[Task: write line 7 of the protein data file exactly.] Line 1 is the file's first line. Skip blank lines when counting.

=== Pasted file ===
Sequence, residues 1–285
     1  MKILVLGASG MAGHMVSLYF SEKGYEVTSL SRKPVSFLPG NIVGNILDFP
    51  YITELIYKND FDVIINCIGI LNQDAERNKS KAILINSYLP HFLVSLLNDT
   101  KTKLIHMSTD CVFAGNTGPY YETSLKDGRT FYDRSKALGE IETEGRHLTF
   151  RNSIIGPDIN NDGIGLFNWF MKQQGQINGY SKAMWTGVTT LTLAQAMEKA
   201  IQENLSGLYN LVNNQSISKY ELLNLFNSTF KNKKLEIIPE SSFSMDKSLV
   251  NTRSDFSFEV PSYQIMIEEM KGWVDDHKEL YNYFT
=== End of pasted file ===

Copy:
   251  NTRSDFSFEV PSYQIMIEEM KGWVDDHKEL YNYFT